SpaceX launches new crew of astronauts for NASA
NASA astronauts Mike Hopkins, Shannon Walker, Victor Glover and Japan's Soichi Noguchi are on their way to the International Space Station.
Why it matters: The crewed launch marks the second time SpaceX has launched people to orbit for NASA and the mission is expected to be the first of many regular flights like this to the space station.
Details: The Falcon 9 carrying the four crewmembers took flight at 7:27 p.m. ET and the Crew Dragon capsule is expected to dock with the space station Monday night.
- During their flight to the station, Hopkins, Walker, Glover and Noguchi are planning on testing out what kind of choreography is needed to make sure that everyone is comfortable during their trip to the station.
- When astronauts Bob Behnken and Doug Hurley flew on the Crew Dragon for SpaceX's first crewed flight, there was plenty of room in the capsule because only two of them were flying, this time around, space will be at a premium.
- The four crewmembers will stay onboard the space station for about six months before heading back home.
Of note: NASA tweeted late Sunday that engineers encountered an issue with heaters used to keep thruster propellant lines at a regular temperature.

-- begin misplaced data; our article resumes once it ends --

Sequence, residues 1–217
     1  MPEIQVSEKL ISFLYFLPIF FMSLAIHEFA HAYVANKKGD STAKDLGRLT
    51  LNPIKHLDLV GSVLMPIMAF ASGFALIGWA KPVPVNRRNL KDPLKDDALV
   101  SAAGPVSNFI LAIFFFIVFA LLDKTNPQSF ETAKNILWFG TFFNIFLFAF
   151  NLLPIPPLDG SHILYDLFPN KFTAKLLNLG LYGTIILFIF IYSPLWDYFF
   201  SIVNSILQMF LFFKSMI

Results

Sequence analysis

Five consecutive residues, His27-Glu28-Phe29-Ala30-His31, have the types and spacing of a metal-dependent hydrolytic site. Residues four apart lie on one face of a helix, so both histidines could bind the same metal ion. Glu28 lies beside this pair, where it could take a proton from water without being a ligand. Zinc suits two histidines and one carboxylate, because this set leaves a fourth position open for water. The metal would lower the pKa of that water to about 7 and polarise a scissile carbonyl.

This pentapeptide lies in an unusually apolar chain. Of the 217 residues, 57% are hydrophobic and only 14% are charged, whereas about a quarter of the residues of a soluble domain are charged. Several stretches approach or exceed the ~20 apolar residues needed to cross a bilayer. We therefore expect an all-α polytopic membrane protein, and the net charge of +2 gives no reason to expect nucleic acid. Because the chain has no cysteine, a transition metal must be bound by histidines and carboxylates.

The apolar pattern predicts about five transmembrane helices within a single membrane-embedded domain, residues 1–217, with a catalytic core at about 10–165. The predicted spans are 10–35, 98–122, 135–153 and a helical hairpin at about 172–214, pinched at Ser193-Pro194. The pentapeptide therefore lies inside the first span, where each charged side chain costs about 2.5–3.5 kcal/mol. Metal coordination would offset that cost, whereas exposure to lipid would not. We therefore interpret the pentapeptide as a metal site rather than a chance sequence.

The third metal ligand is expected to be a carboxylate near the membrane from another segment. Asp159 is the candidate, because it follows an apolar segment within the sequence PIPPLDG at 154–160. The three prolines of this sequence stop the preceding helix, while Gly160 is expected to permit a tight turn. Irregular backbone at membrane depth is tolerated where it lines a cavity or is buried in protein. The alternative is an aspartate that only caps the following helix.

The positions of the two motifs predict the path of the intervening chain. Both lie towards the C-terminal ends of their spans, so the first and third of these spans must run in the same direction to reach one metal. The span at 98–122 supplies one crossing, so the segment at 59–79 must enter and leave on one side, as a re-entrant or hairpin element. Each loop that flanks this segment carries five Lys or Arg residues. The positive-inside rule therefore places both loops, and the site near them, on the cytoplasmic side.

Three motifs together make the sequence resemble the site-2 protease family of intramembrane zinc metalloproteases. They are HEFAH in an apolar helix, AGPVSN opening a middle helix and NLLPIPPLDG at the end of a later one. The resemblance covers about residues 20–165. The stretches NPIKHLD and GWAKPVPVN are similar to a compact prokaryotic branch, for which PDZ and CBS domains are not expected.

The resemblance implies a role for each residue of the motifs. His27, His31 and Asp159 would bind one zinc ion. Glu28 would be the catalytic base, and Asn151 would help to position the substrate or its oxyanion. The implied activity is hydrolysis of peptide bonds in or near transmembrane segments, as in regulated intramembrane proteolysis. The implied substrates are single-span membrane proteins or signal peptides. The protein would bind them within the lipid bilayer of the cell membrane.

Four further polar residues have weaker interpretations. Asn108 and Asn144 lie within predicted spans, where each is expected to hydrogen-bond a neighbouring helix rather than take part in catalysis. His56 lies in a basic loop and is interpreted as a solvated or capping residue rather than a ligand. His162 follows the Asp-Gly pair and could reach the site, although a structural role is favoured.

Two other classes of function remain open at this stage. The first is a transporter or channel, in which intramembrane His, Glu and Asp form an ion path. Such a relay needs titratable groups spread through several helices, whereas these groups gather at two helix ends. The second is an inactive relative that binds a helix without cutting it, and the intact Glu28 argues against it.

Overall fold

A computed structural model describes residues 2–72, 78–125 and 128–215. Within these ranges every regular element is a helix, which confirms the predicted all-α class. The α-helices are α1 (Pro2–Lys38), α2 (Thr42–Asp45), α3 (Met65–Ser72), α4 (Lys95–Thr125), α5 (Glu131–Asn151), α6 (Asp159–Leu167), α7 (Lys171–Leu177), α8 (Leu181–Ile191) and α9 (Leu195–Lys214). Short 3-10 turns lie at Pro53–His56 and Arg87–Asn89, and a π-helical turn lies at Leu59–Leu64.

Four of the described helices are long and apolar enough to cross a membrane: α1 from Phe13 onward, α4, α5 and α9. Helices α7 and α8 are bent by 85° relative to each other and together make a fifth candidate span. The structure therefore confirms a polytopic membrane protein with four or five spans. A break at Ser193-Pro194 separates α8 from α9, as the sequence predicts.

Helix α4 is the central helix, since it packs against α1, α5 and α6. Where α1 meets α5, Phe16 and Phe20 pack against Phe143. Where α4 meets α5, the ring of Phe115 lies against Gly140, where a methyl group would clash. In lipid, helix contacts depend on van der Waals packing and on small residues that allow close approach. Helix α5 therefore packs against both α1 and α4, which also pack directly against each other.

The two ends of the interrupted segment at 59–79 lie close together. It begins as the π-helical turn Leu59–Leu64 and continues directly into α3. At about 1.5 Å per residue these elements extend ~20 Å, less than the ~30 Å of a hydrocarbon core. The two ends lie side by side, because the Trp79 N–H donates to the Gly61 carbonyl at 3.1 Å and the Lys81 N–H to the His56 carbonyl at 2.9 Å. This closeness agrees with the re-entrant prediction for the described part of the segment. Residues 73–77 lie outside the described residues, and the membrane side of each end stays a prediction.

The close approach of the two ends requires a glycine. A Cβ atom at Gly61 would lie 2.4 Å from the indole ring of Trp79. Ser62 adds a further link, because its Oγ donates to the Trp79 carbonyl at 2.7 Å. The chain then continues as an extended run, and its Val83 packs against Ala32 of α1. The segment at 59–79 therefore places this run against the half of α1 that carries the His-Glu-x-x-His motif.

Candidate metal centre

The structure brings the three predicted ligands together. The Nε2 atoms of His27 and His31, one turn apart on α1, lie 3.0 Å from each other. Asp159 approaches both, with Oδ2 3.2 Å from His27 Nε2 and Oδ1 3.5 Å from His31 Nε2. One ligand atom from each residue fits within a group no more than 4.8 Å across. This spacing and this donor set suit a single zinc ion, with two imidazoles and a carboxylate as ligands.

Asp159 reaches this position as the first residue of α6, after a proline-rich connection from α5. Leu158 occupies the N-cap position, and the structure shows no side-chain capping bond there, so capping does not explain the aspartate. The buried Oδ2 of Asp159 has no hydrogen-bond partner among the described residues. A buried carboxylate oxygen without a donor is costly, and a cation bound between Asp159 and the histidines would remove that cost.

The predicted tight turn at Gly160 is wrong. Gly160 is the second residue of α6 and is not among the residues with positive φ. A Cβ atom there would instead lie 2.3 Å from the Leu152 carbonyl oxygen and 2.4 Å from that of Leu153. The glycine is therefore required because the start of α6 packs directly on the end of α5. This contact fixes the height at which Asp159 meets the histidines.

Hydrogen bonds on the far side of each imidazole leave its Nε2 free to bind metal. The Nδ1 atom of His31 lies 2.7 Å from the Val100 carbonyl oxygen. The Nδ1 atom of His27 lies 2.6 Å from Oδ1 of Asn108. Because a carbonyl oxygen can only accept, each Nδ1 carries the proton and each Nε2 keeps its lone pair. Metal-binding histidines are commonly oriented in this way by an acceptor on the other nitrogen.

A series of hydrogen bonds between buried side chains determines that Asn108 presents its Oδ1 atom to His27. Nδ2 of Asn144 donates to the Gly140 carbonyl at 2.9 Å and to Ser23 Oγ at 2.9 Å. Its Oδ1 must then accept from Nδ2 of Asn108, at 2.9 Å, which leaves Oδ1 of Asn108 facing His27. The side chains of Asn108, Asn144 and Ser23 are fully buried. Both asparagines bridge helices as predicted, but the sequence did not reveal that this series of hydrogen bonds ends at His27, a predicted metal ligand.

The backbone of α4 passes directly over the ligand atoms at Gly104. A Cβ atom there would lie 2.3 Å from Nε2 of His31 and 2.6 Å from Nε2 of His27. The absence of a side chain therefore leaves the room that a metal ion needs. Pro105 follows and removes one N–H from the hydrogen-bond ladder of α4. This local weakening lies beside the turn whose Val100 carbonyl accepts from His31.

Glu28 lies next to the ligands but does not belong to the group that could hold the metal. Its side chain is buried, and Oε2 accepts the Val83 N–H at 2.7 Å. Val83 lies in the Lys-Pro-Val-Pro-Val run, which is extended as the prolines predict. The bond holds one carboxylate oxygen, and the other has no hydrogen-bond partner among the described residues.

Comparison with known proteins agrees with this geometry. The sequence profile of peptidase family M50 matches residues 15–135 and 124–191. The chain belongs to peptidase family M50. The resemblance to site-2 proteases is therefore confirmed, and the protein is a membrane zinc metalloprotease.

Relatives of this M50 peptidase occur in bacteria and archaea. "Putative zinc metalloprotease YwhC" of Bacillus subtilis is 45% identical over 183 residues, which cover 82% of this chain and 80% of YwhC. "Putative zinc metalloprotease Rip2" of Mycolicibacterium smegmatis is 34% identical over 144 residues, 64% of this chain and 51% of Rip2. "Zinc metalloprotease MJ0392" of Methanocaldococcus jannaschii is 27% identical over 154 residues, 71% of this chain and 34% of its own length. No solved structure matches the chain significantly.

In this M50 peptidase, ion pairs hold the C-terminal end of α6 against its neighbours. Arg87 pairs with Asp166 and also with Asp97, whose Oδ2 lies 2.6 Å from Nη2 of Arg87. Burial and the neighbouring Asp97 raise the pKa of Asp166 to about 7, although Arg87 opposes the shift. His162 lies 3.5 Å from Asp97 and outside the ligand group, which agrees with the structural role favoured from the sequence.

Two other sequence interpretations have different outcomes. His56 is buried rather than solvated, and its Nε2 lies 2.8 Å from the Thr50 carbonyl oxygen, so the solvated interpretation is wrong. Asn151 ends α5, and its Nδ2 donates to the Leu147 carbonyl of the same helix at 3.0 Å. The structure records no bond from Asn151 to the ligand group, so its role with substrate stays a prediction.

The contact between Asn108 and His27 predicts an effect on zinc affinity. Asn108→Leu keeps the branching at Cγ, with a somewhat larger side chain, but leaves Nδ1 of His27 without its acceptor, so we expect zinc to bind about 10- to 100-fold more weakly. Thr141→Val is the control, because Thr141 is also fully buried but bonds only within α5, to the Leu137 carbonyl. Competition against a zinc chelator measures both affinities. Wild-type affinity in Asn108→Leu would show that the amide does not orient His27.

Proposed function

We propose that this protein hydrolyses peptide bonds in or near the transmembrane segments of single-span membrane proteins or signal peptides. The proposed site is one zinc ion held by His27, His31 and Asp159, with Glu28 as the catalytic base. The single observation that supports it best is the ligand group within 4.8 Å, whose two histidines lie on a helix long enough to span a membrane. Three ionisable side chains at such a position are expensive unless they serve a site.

- The agency added in an update early Monday that these had been re-enabled and were now "functioning properly with no issues."
Between the lines: All four of the astronauts were in quarantine ahead of launch to ensure they did not catch COVID-19 or another infection before heading up to the station.
The big picture: The Crew Dragon is the first American-made spacecraft able to bring astronauts to orbit since the end of the space shuttle program in 2011.
- Until this summer's crewed SpaceX launch, NASA was solely reliant on Russia's Soyuz spacecraft to bring their people to and from the space station.
- Boeing is also working to develop its own crewed capsule, called the Starliner, that is expected to fly its first crewed mission in the next year or so.
This article has been updated with details on the propellant heaters issue.